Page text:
Rooibos (Afrikaans for ‘red bush’; pronounced ‘ROY-BOSS’; scientific name Aspalathus linearis) is a member of the legume family of plants, and is commonly used to make a tisane (herbal tea).
It belongs to the Aspalathus plant group, which consists of more than 200 species originating in the Cedarberg mountains of South Africa (rooibos grows exclusively in the Cedarberg Mountain region and around Clanwilliam and Citrusdal, due to the specific climatic and geological conditions of the region).
Large-scale cultivation and industrial processing of the plant started during the 1930s. The leaves of the bush are harvested, bruised and finely chopped, wetted and left to ferment in rolls or mounds, finally they are dried in the sun. The fermentation process enriches the flavour and gives to the leaves their distinctive red colour (rooibos is often marketed as red tea). The resulting product is then boiled or steeped like tea to make a beverage that is enjoyed both hot and cold. In its native South Africa, many people consume it with milk, similar to the British tradition of drinking black tea with milk.
Rooibos has found its way into health and beauty products, and is widely claimed to have been used by the ancient Bushmen (San people) of the region. It is free of caffeine, and contains Aspalathin, a flavonoid present in medicinal herbs used to treat skin and circulatory disorders. It is low in tannin, which inhibits absorption of minerals, at 4.4 percent. It contains traces of fluoride, calcium and manganese.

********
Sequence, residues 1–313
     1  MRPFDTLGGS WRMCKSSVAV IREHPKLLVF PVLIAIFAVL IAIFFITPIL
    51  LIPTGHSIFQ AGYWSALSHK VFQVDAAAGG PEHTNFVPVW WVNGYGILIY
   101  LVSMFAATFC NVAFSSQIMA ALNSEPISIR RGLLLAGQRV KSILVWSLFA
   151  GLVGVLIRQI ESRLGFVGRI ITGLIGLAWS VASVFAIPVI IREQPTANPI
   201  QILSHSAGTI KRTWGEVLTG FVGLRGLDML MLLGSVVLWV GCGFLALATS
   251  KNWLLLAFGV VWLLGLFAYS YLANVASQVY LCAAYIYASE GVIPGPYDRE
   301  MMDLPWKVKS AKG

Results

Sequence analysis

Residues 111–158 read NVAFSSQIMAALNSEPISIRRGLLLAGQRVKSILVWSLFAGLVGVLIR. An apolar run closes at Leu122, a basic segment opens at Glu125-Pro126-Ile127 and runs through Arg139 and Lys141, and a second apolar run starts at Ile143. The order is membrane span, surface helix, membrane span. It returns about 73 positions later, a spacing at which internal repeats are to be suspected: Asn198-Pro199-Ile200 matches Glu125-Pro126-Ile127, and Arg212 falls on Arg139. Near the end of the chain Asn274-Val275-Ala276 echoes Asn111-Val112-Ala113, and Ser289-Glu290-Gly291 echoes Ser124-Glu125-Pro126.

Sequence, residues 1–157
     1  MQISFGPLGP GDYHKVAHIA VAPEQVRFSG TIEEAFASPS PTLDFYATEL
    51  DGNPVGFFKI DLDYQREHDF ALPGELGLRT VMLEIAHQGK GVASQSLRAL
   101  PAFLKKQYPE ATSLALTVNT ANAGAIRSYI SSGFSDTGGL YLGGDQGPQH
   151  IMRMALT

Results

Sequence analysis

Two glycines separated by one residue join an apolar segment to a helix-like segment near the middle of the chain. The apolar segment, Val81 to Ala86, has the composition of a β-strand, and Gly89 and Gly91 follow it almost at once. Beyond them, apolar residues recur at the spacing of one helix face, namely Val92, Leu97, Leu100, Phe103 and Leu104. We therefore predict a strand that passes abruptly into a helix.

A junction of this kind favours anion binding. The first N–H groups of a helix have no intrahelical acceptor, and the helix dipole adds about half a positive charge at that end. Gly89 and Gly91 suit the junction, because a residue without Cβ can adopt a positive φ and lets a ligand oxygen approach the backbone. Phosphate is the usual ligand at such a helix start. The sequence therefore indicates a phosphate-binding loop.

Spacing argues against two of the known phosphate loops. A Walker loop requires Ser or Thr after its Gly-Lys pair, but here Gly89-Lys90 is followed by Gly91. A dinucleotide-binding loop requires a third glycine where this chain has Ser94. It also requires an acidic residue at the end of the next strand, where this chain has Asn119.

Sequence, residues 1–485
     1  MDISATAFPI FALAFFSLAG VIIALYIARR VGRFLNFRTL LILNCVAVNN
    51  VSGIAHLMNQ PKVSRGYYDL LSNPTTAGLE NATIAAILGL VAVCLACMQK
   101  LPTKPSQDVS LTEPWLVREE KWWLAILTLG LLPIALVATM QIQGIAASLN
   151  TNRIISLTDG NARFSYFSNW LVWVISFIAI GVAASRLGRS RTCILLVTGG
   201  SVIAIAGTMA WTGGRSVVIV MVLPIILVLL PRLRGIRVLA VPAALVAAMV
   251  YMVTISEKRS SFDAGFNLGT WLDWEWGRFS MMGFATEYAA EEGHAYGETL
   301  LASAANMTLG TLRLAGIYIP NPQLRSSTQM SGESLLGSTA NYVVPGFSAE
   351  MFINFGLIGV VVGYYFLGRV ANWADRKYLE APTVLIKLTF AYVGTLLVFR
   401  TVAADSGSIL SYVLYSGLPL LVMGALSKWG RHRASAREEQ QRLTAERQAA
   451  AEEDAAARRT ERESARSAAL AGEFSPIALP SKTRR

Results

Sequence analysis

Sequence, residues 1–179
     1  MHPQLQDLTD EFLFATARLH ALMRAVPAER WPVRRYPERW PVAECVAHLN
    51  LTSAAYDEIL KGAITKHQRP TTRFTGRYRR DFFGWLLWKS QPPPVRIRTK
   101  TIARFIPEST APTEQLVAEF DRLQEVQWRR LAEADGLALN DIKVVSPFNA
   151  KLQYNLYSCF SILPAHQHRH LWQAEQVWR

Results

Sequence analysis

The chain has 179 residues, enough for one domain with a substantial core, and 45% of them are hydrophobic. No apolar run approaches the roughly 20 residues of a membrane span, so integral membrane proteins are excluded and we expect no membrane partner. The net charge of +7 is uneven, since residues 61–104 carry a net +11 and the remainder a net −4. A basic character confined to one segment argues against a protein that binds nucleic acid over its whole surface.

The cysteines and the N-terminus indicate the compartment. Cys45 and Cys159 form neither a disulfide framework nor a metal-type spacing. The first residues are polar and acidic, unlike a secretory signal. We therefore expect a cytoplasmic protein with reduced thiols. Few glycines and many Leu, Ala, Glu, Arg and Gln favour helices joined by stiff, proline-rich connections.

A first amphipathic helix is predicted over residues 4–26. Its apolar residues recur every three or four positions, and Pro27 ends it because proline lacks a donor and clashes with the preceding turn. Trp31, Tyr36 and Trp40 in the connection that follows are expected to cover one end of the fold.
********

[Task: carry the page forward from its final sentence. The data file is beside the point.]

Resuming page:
Japanese research into the effects of oligosaccharides, also found in Rooibos, indicates that these compounds may aid the immune system in fighting viral infections.
Rooibos extracts may have also been shown to have anticarcinogenic and antimutagenic effects.
Rooibos is rich in flavonoid antioxidants which mimics the activity of superoxide dismutase, by scavenging free radicals.
Other purported benefits include:
- anti-inflammatory and anti-allergic properties
- relief of hay fever, asthma and allergies
- relief of insomnia and nervous tension
- relief of constipation, stomach cramps and colic in infants
- easing skin conditions including acne, eczema and nappy/diaper rash
This bush tea is prominently featured in the series The No. 1 Ladies’ Detective Agency by Alexander McCall Smith. It is reported that the sales of rooibos have greatly increased as a result of being mentioned so often in this series.
Article URL: http://en.wikipedia.org/wiki/Rooibos